Publication: ApJL; Authors: Paul Bryans, Scott McIntosh, David Brooks, Bart De Pontieu

Coronal Holes present the source of the fast solar wind. However, the fast solar wind is not unimodal—there are discrete, but subtle, compositional, velocity, and density structures that differentiate different coronal holes as well as wind streams that originate within one coronal hole. In this Letter we exploit full-disk observational “mosaics” performed by the Interface Region Imaging Spectrograph (IRIS) spacecraft to demonstrate that significant spectral contrast exists within the chromospheric plasma of coronal holes.

SDO and IRIS full-disk observations from 2016 Feb 22

SDO and IRIS full-disk observations from 2016 Feb 22. The HMI and AIA Frankenmaps (panels A and B) are constructed of sub-images with the same fields of view and timing of the IRIS rasters that comprise the mosaic. The CHs in the northern hemisphere and at the south pole are most evident in the AIA intensity image (B), but not in Mg II intensity (C). The CHs are evident, however, in the Mg II peak separation map (D). After removing the center-to-limb variation, this is even clearer (F).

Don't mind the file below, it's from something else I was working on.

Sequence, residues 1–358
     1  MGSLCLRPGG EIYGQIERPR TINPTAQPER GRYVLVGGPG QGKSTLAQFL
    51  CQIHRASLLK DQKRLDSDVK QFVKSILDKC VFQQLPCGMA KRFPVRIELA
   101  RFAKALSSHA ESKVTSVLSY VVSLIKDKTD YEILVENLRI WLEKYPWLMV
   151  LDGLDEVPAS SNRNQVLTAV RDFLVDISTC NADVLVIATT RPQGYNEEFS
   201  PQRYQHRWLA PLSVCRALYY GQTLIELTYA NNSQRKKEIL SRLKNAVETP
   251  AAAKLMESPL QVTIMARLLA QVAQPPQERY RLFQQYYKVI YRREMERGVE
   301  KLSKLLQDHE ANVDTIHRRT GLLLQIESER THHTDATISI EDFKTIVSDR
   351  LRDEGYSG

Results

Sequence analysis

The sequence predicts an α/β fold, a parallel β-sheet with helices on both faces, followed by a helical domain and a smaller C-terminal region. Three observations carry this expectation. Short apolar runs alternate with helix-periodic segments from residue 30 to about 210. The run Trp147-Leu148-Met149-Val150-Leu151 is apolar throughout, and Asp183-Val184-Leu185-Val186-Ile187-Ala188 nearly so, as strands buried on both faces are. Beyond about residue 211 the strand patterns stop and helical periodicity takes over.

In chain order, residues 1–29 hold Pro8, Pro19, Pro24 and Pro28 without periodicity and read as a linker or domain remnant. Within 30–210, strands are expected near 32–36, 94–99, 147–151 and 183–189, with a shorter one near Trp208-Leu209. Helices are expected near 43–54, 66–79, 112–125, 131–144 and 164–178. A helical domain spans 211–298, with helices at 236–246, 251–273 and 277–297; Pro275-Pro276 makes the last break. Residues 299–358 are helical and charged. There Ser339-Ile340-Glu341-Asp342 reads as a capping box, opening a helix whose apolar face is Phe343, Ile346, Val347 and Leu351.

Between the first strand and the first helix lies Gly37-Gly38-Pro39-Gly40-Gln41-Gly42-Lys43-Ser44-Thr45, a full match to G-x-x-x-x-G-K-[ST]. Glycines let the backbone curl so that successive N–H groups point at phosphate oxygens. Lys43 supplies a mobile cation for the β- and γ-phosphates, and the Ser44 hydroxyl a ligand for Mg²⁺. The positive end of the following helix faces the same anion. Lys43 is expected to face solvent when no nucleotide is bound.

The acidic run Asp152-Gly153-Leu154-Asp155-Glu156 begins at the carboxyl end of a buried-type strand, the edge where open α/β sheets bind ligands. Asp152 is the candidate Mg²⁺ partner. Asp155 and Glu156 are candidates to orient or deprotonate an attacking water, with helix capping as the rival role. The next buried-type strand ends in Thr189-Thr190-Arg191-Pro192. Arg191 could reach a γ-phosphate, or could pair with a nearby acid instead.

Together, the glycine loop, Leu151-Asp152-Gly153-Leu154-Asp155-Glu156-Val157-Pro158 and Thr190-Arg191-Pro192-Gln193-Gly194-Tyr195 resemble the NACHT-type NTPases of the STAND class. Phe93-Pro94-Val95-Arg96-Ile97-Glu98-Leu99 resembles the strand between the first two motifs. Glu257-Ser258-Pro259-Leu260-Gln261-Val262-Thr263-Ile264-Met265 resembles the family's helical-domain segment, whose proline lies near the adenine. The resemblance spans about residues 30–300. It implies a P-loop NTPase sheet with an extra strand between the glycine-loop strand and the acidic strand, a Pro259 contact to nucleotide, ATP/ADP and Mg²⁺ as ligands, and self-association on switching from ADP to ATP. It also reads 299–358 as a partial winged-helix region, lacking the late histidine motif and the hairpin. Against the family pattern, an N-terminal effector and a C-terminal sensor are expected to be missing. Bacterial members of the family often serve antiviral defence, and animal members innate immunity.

The spectral contrast seen delineates topological differences within the globally open structure. In particular, we show that the “peak separation” of the Mg II h line at 2803 A illustrates changes in what appear to be open magnetic features within a coronal hole. These observations point to a chromospheric source for the inhomogeneities found in the fast solar wind. These chromospheric signatures can provide additional constraints on magnetic field extrapolations close to the source, potentially on spatial scales smaller than from traditional coronal hole detection methods based on intensity thresholding in the corona. This is of increased importance with the advent of Parker Solar Probe and Solar Orbiter and the ability to accurately establish the connectivity between their in situ measurements and remote sensing observations of the solar atmosphere.